Thursday, January 3, 2013

Third Grade Maori "Tattoos"

As part of third grades study of Australia, they learned a little bit about the Maori people of New Zealand. I showed them a PowerPoint that I had put together:

Then I passed out copies of different Maori designs that I had printed out from Google. The students used these as their inspiration. They created 2 different designs in their sketchbook. The students had a lot of fun with this project. They all know someone with a tattoo and this was a harmless way for the students to create their own.

For their project, I gave them 2 choices (trying to keep with the choice-based outcomes):
1. printmaking
2. aluminum bas relief

As the students finished up their sketchbooks, they picked up a piece of white paper (9 x 12) and drew their favorite design onto this paper, making sure to fill their space.

While they were working on this, I used this time to meet with my 2 groups to demonstrate the steps for each project.

For the printmaking:
The students taped their paper onto a piece of styrofoam and traced their design with their pencil. After that, they removed the paper, traced one more time and then used their pencil to color in the positive space.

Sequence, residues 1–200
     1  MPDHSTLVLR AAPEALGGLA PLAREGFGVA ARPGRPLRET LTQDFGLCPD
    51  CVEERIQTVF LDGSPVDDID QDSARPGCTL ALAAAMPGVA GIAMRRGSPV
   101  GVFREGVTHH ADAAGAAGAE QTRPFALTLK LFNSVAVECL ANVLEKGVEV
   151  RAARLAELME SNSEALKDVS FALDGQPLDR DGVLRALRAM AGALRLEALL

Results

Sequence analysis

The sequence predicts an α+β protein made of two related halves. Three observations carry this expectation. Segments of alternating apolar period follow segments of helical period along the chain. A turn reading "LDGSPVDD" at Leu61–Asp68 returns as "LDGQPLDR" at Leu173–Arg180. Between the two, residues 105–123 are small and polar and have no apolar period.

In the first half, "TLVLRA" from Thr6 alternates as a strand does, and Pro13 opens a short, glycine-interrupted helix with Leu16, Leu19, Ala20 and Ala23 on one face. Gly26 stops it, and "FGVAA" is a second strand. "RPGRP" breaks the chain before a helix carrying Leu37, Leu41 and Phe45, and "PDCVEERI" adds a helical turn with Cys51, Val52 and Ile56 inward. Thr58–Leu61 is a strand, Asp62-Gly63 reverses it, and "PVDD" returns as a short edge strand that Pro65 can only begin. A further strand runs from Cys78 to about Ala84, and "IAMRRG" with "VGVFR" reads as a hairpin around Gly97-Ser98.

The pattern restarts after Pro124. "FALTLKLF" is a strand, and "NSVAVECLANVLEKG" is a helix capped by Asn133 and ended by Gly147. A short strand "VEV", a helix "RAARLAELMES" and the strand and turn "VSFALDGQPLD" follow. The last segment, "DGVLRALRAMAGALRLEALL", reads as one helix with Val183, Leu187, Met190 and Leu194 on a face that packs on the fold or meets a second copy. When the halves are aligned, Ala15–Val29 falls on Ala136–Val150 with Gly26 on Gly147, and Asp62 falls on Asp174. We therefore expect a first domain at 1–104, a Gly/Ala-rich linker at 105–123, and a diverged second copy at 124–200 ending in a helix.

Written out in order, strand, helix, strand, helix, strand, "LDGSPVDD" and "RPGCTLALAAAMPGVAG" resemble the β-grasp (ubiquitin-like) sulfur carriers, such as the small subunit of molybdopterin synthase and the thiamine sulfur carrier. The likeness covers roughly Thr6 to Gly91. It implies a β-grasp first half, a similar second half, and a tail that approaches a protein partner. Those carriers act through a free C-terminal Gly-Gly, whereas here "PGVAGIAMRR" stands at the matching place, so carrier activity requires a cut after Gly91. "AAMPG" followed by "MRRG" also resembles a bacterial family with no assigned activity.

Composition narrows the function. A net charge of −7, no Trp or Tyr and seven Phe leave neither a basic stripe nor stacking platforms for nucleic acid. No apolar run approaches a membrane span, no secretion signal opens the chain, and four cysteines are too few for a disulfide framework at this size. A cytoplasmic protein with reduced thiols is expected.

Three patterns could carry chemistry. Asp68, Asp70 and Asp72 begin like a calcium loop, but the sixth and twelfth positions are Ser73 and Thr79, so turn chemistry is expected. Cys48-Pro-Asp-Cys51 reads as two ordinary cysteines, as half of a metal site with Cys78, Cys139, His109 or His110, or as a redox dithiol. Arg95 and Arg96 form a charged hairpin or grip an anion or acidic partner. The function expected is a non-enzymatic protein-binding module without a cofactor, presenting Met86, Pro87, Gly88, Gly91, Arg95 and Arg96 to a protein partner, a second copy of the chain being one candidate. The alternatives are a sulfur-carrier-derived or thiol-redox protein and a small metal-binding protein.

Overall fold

For the aluminum:
The students taped their paper onto a piece of pre-cut aluminum (I buy it in rolls and cut to whatever size I need). They placed this on top of their sketchbook so that they had a fairly soft surface and traced their design. Then the paper was removed and they used their pencils to color in the positive space.

I then set up stations in the back of the room for each project.

White ink and brayers- they students rolled the white ink onto their styrofoam and then placed the styrofoam onto a piece of black construction paper. Using a clean brayer, they rolled it onto the back of the black paper, helping to transfer the ink. Once they were finished, they washed their styrofoam.

Black india ink and brushes- the students painted the aluminum with black ink. Then using paper towel, they wiped as much of it off as they could, leaving ink in the crevasses made by coloring in the positive space.

Pin It